And you even have, in some places, legislation being passed, and this is, I think, going to become very popular, where you get rid of father and mother, and you have parent one and parent two. And I think what's happening with this movement, what I don't think people realize, and this is why I'm bringing this up when we talk about masculinity, is I think if we do remove the ability to tether masculinity and femininity from fatherhood and motherhood, we will cease to understand it.
Eric Huffman: Understand what?
Jeremy Pryor: Understand what a man or woman is. We will not know what those things are. Because the reason why... I mean, you're stronger as a man. Why? Because part of your job as a future father, as a father, is to protect a family.
Eric Huffman: 100%.
Jeremy Pryor: And so you have a drive to provide. You have a drive to provide purpose. All of these elements I think are innate to masculinity. And then, of course, you go to femininity, and you see there is a natural, biological drive for nurturing. And that's incredibly important and beautiful. That's something that we actually want to accentuate.
But the problem with that is if you accentuate that in a young girl, you will make it more difficult for her to compete with a man in the workplace. We've made a cultural decision that that's a superior value, to ensure that there's equality between that young woman and that young man in the workplace means. That we have to eliminate this distinctive.
Eric Huffman: Because the family was oppressive.
Jeremy Pryor: Yeah. The family is essentially a patriarchal institution that has oppressed women. And that's the belief system that we're really wrestling with. That's why anyone with that basic assumption will never want to root the whole idea of the foundation of gender, tether it to the family.
Eric Huffman: But, I mean, let's flesh it out. I mean, first of all, I love, love the idea of gender as a family construct. Because I think it's just Jesus's way to not give in to one narrative or the other. The world always gives a binary narrative, right? It's either gender is a social construct or gender is a scientific construct. Those are the two roads. And Jesus is like, no, let me give you the right road. It's a third road. And it's just what He does over and over again in every issue.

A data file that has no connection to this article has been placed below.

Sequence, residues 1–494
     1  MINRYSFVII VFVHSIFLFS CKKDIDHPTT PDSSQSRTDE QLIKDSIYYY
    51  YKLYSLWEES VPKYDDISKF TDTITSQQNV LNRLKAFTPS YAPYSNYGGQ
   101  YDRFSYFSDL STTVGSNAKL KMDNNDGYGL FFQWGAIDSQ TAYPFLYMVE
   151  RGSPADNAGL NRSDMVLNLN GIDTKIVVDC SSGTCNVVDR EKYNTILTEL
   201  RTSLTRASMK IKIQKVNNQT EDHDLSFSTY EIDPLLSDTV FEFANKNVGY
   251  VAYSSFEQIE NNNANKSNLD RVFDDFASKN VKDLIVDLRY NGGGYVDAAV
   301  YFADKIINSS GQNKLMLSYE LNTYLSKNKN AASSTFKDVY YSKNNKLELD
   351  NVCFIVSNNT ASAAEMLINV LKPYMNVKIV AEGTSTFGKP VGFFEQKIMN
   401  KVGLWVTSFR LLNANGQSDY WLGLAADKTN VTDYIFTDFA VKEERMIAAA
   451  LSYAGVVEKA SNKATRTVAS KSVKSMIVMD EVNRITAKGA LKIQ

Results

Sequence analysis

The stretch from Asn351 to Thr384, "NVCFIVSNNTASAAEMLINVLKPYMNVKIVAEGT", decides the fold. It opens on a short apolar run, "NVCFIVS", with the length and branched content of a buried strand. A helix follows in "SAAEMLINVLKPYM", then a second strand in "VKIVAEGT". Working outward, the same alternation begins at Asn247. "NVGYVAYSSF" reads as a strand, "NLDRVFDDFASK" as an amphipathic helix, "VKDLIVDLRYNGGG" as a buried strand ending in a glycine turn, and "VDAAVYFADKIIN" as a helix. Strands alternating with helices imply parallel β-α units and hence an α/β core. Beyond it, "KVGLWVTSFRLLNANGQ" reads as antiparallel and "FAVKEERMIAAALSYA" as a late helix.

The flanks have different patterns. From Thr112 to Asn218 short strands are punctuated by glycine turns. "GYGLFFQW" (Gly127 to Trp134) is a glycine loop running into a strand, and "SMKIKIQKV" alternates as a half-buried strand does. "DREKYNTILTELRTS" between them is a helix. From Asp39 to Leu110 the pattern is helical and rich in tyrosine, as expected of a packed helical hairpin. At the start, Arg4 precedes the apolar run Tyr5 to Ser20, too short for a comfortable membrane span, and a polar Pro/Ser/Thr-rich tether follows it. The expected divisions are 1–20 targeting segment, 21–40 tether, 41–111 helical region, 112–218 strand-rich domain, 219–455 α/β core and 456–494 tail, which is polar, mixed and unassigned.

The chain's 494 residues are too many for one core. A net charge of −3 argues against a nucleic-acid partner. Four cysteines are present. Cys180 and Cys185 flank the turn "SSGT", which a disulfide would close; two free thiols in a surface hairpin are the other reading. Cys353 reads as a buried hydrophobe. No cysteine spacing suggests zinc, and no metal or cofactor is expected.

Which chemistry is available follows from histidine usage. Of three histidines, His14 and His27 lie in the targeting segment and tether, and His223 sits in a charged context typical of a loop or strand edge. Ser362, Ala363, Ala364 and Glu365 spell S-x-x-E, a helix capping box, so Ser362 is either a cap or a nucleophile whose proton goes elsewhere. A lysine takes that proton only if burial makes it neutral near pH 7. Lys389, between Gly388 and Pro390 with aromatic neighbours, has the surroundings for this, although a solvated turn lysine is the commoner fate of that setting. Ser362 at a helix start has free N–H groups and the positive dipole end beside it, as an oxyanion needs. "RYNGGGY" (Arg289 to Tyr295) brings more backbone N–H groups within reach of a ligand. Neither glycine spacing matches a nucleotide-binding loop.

And I love the idea that gender is a family construct. I think it's a tough sell in this world because the narrative around family is so negative. Part of the reason it's so negative is like in times past, things were technically unequal, I guess, and pretty harsh, especially for women in many instances. Although I could make a case that it was even more harsh for men in other ways, right? It was a partnership. That's what you're saying.
Jeremy Pryor: Yes.
Eric Huffman: But I just want to make sure, because I know that people are listening, are you proposing that the best path forward for family is to go backward into times when I guess it was more normal for women to be under a man's thumb or subjugated in some way that was less than good for them?
Jeremy Pryor: Right. That's a huge challenge. An example is when a woman gets pregnant and is about to have a baby, she is more vulnerable than a man. Period. So how do you change that? Imagine the social engineering that would be required to stop that vulnerability from occurring.
I mean, you can either completely disrupt that, and I think that that's what we're trying to do, or you can accept it as part of the natural design and say that, yes, it is true that when a woman gets pregnant and is about to have an infant, especially if she's going to have multiple pregnancies and multiple infants and care for multiple children, she needs a certain kind of man. And if she doesn't get that kind of man, then she is in a uniquely difficult and vulnerable situation.
So as a culture, we honor that by thinking about how do we create a culture in which men are loving towards women, men are faithful towards women, men will provide and protect for women in those vulnerable situations. I think that's a better... these are our choices. You can either do that or you can attempt to make women invulnerable during those natural situations. I don't know how you do that without... I mean, I think that we're seeing some of the implications of that.
The real people who lose in that are not women, but children. Because once you make women invulnerable during those situations, that you attempt to do that through, hey, she can leave him at any time, she can get her, you know, his wages, like all the different things that incentivize divorce when things get tough, it's always children who suffer the most in those situations.
Eric Huffman: Yes, short-term for sure. And I think longer term, there's even greater implications to this anti-family narrative, which is, you know, civilization and population issues that I think we're going to see. And it scares me how much of the rhetoric in society, whether it's about the environment or whether it's, you know... I almost said creation care. That those folk wouldn't say creation care, they would say climate change or whatever. How much that conversation flows into anti-human, anti-children, having babies is hateful and anti-earth or whatever. I don't think people play it out in their heads and see where it leads.